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Tryptophan MRI in People With Schizophrenia and Healthy Controls

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ClinicalTrials.gov Identifier: NCT02067975
Recruitment Status : Completed
First Posted : February 20, 2014
Results First Posted : August 26, 2021
Last Update Posted : August 26, 2021
Sponsor:
Collaborators:
Mitsubishi Tanabe Pharma Corporation
National Institute of Mental Health (NIMH)
Information provided by (Responsible Party):
Robert Buchanan, University of Maryland, College Park

Tracking Information
First Submitted Date  ICMJE February 11, 2014
First Posted Date  ICMJE February 20, 2014
Results First Submitted Date  ICMJE April 28, 2021
Results First Posted Date  ICMJE August 26, 2021
Last Update Posted Date August 26, 2021
Study Start Date  ICMJE September 2014
Actual Primary Completion Date December 2019   (Final data collection date for primary outcome measure)
Current Primary Outcome Measures  ICMJE
 (submitted: August 23, 2021)
Change in Verbal Memory Scores From Baseline to 4 Hours Post-Treatment [ Time Frame: The order in which participants received either the tryptophan or placebo was randomized. The HVLT was administered 90 minutes prior to treatment and 4 hours post treatment. There were at least two weeks between the challenge days. ]
The following assessment was used to assess the outcome measure: the Hopkins Verbal Learning Test-Revised (HVLT-R). HVLT total scores range from 0 to 36. In order to conduct group comparisons, the HVLT raw total scores are converted to a t-score (range: -10 to 80). The mean t-scores for each condition are below (see outcome measure data table). Higher scores represent better performance. Participants performed the same task before pre- and post-treatment with Tryptophan and again with placebo (2 weeks between conditions). Change in scores pre- and post-treatment were compared between the Tryptophan and placebo conditions.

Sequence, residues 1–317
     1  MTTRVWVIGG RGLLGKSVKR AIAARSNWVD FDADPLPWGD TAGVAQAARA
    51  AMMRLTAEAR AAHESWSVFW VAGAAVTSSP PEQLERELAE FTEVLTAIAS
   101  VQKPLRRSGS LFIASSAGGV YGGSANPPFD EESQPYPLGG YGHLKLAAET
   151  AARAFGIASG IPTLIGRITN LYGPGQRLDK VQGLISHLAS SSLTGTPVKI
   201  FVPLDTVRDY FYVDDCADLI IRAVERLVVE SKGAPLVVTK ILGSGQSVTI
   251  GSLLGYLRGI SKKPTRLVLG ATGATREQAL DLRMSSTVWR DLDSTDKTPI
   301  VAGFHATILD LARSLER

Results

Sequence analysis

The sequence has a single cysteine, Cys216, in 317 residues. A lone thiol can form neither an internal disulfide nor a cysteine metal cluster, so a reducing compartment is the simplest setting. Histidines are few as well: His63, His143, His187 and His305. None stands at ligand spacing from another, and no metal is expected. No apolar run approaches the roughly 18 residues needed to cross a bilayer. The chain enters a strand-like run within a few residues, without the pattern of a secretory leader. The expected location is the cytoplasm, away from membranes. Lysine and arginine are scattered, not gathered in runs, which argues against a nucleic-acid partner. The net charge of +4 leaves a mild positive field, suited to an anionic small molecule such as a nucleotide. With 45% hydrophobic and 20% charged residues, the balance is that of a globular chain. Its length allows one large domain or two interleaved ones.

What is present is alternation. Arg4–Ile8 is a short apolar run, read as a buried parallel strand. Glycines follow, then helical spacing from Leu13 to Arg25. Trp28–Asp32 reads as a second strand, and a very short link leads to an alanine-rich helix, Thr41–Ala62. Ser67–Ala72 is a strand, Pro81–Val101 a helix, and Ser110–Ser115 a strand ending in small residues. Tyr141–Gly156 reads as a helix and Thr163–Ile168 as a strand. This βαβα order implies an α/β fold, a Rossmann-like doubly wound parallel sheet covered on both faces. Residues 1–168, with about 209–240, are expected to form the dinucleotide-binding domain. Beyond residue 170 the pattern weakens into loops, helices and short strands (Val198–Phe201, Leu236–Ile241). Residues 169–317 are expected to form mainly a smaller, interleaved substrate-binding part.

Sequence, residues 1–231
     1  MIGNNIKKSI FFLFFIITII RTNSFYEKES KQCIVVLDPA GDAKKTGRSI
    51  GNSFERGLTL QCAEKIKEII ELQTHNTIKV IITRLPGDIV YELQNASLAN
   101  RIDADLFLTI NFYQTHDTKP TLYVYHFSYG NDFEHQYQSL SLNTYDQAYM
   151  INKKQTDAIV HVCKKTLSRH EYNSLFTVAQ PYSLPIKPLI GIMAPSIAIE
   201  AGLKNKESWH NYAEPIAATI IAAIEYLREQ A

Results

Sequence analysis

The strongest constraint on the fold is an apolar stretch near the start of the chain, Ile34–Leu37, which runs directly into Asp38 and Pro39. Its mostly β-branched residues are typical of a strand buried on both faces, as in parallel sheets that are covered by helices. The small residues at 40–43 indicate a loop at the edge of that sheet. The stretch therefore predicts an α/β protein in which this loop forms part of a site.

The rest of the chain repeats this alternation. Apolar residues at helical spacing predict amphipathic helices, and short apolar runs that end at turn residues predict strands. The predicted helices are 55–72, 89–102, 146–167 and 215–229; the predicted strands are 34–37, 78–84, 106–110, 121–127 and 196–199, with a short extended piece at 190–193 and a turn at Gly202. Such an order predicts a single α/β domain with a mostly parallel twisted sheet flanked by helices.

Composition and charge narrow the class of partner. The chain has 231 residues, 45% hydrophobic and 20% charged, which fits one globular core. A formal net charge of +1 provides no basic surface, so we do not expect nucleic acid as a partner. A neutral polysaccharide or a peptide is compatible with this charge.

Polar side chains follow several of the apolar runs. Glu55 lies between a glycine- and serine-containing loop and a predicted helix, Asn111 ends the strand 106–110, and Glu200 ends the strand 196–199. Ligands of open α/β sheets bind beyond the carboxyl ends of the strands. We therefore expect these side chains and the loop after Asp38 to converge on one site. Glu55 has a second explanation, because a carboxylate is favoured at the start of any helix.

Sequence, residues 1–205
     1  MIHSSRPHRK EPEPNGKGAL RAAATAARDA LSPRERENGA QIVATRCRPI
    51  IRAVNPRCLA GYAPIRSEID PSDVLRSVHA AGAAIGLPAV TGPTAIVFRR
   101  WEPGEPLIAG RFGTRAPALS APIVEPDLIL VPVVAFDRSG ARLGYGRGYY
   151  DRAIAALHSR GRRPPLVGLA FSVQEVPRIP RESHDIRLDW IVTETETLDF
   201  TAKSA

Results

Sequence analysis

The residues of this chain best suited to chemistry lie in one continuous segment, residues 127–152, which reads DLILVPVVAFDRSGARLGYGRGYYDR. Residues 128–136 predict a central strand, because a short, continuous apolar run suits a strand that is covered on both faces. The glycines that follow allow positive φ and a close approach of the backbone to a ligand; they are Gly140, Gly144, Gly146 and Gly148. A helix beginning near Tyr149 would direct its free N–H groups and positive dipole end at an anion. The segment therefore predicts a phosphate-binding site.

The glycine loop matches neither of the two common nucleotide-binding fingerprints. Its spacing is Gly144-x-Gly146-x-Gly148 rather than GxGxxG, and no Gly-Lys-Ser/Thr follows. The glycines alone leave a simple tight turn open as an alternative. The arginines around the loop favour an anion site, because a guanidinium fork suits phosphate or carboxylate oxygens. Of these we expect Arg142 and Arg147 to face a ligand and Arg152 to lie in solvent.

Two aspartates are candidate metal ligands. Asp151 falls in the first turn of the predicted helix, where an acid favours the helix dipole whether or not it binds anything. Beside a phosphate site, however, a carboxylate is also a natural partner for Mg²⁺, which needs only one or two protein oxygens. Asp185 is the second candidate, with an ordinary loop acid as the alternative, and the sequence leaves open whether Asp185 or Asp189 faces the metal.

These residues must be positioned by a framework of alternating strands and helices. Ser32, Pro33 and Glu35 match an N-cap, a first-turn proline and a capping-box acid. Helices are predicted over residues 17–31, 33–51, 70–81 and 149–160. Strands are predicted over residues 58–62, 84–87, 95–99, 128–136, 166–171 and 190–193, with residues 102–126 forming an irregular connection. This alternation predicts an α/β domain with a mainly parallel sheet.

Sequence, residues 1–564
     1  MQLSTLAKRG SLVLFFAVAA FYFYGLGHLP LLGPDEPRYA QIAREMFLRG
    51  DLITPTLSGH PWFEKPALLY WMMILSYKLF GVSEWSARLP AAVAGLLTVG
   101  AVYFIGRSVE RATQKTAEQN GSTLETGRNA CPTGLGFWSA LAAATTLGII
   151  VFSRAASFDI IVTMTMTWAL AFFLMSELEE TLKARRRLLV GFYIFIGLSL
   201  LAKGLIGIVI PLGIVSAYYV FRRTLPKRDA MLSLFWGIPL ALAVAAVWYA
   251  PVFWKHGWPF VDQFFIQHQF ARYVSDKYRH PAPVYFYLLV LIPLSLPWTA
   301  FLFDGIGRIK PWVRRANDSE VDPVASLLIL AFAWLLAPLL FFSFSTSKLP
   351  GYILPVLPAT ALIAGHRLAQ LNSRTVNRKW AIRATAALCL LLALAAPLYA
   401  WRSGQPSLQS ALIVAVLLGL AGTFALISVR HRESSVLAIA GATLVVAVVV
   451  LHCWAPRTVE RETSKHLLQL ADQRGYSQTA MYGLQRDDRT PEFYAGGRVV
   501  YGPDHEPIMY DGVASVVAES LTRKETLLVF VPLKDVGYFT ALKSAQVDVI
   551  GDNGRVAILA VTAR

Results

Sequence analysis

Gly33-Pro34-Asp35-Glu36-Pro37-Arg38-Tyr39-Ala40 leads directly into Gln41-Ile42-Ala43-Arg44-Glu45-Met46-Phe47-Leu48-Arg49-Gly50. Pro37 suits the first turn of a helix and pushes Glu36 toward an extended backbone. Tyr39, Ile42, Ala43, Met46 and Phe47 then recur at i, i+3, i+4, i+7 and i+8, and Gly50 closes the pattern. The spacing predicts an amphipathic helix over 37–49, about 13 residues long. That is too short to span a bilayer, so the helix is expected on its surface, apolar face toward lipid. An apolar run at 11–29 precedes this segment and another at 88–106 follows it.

Original Primary Outcome Measures  ICMJE
 (submitted: February 17, 2014)
Visual memory, attention, and processing speed scores on the Relational and Item Specific Encoding Task (RISE). [ Time Frame: at least two weeks ]
Tryptophan-induced elevated KYNA levels transiently impair performance on neuropsychological measures of verbal and visual memory, attention, and processing speed.
Change History
Current Secondary Outcome Measures  ICMJE Not Provided
Original Secondary Outcome Measures  ICMJE
 (submitted: February 17, 2014)
Dorsolateralhippcampal fMRI activation and connectivity using the Relational and Item Specific Encoding Task (RISE). [ Time Frame: at least two weeks ]
Tryptophan-induced elevated KYNA levels alters dorsolateralhippcampal fMRI activation and connectivity during the performance of the relational memory task RISE.
Current Other Pre-specified Outcome Measures Not Provided
Original Other Pre-specified Outcome Measures
 (submitted: February 17, 2014)
Glutamate levels using fMRI [ Time Frame: at least two weeks ]
Tryptophan-induced elevated KYNA levels alter 1H-MRS measures of glutamate levels in the medial prefrontal cortex (mPFC), a brain region involved in attention and processing speed behaviors, default mode network activity, and sensitive to changes in KYNA levels.
 
Descriptive Information